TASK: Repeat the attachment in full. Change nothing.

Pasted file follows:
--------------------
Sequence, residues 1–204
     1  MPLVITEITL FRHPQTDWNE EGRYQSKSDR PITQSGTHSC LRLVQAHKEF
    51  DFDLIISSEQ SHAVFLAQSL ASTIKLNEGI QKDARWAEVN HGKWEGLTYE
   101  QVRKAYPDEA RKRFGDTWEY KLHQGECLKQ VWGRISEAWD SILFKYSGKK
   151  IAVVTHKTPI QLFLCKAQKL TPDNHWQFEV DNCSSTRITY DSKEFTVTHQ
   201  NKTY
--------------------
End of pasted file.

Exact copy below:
Sequence, residues 1–204
     1  MPLVITEITL FRHPQTDWNE EGRYQSKSDR PITQSGTHSC LRLVQAHKEF
    51  DFDLIISSEQ SHAVFLAQSL ASTIKLNEGI QKDARWAEVN HGKWEGLTYE
   101  QVRKAYPDEA RKRFGDTWEY KLHQGECLKQ VWGRISEAWD SILFKYSGKK
   151  IAVVTHKTPI QLFLCKAQKL TPDNHWQFEV DNCSSTRITY DSKEFTVTHQ
   201  NKTY